Greenhouse for Native Aquatic Plant Species at Lake Fork

Lake Fork Reservoir is a 27,264-acre impoundment located on Lake Fork Creek, a tributary of the Sabine River, approximately five miles northwest of Quitman, Texas and approximately 70 miles east of Dallas, Texas. Lake Fork is a popular fishing location for a number of species including crappie, channel catfish, and maintains a world-renowned largemouth bass fishery. Since the beginning of the ShareLunker program in Texas in 1986, 256 of the 553 largemouth bass (>13 lbs) donated to the program have been caught at Lake Fork; and Lake Fork still holds the state record largemouth bass at 18.18 lbs.  

Throughout its 34-year life-span, fish populations in Lake Fork have benefitted from an abundance of flooded timber and aquatic vegetation.   As Lake Fork ages, woody habitat availability continues to decline and has become less abundant over time. In recent years, fluctuating water levels from drought and ever increasing water demands have also reduced the coverage of aquatic macrophytes in the reservoir. These aquatic plants provide important habitat for fish, waterfowl, and other aquatic organisms; and, also provide much needed shoreline stabilization and erosion control.

In order to maintain Lake Fork’s reputation as Texas’ premier largemouth bass fishery, it will be important to seek opportunities to enhance available habitat and, as a result, fish populations in the reservoir. It is also important to promote angler awareness of habitat enhancement projects in the reservoir to improve awareness of fishing opportunities.

LFSA and TPWD proposed to fund aquatic habitat enhancement in Lake Fork Reservoir to ensure the maintenance of this important fishery for future generations. The scope of the funding included the purchase and establishment of a greenhouse and long-term project to raise native wetland shrubs for planting in shallow water (<4 feet) along the reservoir shoreline. The project involved partners including the Sabine River Authority and Yantis ISD High School agricultural students.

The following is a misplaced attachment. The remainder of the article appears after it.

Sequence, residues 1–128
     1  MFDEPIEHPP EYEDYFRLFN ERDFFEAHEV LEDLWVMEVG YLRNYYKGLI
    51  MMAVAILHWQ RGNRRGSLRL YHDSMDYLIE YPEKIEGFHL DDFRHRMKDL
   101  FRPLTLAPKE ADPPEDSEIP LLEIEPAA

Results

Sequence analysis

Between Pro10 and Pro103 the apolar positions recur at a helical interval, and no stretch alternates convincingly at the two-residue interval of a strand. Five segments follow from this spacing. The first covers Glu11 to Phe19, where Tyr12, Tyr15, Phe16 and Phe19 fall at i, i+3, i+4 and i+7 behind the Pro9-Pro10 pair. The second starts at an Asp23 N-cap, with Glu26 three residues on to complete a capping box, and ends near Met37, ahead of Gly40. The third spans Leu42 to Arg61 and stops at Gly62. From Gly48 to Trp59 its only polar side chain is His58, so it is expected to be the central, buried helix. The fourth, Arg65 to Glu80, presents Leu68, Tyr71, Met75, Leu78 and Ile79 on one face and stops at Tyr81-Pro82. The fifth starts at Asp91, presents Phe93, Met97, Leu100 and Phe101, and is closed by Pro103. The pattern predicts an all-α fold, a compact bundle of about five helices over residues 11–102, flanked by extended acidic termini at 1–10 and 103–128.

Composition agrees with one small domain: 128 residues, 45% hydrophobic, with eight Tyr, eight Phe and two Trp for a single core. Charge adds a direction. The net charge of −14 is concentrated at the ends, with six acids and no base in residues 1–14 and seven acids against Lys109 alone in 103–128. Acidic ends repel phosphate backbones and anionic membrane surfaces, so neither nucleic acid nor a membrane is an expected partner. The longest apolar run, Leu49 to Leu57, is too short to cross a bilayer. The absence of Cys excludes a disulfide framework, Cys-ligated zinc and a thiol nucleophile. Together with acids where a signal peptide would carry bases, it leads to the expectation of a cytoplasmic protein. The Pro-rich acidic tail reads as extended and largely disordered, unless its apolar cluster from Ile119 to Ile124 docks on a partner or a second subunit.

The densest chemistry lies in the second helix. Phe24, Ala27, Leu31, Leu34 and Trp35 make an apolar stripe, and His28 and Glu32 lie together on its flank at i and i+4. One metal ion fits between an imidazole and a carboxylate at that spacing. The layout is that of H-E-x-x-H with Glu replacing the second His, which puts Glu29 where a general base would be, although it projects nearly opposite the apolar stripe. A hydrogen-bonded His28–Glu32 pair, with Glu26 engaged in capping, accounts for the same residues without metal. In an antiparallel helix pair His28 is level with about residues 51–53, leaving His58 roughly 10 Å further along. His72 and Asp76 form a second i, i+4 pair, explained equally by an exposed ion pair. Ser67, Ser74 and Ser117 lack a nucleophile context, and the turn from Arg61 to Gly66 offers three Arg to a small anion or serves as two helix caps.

Funds were used to procure a greenhouse for the propagation of native button bush trees. Purchase of young, bare-root button bush trees is conducted annually by the Lake Fork Sportsman’s Association (LFSA). Trees are potted and raised in the greenhouse with the help of (LFSA) members and Yantis High School agricultural students. Buttonbush are planted annually in multiple areas around the reservoir, two to three feet below conservation pool, to create nursery colonies and provide angling opportunities as fish are attracted to the complex habitat provided by inundated shrubs.   Rooted Buttonbush trees, raised to a mature size, provide an increased probability of survival as compared with cheaper, bare-root plants. Procedures for planting will follow those employed in November 2011, when volunteers from TPWD and the Lake Fork Sportsman’s Association planted 400 rooted buttonbush plants in Lake Fork in a similar project.

Click link to view construction pictures -